In 2017 CLS and the EELC came together for an exciting and stimulating collaboration. Working together the two Centre’s facilitated a cross pollination between the world outside of the University and the world inside the University. Through a variety of events held throughout the year law students and activist lawyers engaged in conversation and collective learning.
Research Methods Training sessions for EELC staff
The CLS held two sessions on research methodology for staff members of the EELC. The first session, 14 July 2017, covered some of the foundational elements such as developing a research question and determining the appropriate methodology and research tools. In the second session, 11 August 2017, EELC staff members were given the opportunity to do some more practical brainstorming and planning on research topics that they were working on. These sessions form part of CLS’s commitment to assist activist organisations in building their internal research capacity and skills. This is to be an ongoing part of CLS’s collaboration with the EELC.
One-day workshop on “Movement Lawyering”
On 29th September 2017, in collaboration with the EELC, we held a one-day interactive workshop designed to enable law students to engage with EELC lawyers and activists from Equal Education on the role of law in advancing the right to education. The content of this workshop provided an introduction to the concept of “Movement Lawyering” and drew on examples from the work of both EELC and EE as grounding for discussions about the role of law in advancing the objectives of a social movement. During the workshop students were given the opportunity to engage activist lawyers in discussions around some of the following themes:
1) The state of education in South Africa – an introduction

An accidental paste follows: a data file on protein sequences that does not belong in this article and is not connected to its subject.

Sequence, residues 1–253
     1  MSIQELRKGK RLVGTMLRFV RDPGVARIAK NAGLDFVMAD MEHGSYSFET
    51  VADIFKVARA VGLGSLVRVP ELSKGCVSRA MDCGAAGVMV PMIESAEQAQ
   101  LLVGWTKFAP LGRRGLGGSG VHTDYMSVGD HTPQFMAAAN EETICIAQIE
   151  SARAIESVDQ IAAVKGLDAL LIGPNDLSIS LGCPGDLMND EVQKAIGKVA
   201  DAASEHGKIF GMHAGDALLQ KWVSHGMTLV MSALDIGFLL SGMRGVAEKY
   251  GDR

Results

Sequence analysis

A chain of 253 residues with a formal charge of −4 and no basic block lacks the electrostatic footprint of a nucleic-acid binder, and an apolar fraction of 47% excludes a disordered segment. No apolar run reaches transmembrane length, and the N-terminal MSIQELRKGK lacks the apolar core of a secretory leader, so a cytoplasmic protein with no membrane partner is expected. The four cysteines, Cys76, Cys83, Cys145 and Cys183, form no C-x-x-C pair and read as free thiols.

2) Movement Lawyering as a mode of public interest lawyering – what does it mean?
3) The tools of movement lawyering: engagement, mediation, access to information, Chapter 9 institutions, parliament, research, litigation.
4) Case Studies: School infrastructure and Scholar Transport.
5) Protest and the role of the movement lawyer.
Student feedback highlighted the importance of opportunities and spaces such as these that allow students to engage with issues of law and social justice outside of the classroom.
With(Out) Law conversation with EELC and former DCJ Moseneke
CLS’s With(Out) Law: Critical Conversations on Law in Society, is a seminar series directed at student audiences. This series offers provocative inputs and lively exchanges that aim to productively engage with the role of law and its impact on contemporary social justice issues. On 4th October 2017 we hosted a With(Out) Law: Critical Conversations on Law in Society seminar that reflected on the Constitutional right to basic education and the questions that arise when considering how the state gives life to that right. The speakers at that seminar were former Deputy Chief Justice Dikgang Moseneke who was in conversation with EELC’s Mbekezeli Benjamin.